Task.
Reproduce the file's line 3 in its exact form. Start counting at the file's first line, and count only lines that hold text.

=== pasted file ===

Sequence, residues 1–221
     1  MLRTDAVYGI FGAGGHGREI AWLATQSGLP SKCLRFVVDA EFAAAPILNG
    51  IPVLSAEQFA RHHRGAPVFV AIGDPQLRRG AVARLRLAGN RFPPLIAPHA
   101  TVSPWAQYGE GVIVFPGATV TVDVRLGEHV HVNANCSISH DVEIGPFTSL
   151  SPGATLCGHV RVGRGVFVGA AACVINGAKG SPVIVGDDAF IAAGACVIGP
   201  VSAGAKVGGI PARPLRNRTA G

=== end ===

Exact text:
    51  IPVLSAEQFA RHHRGAPVFV AIGDPQLRRG AVARLRLAGN RFPPLIAPHA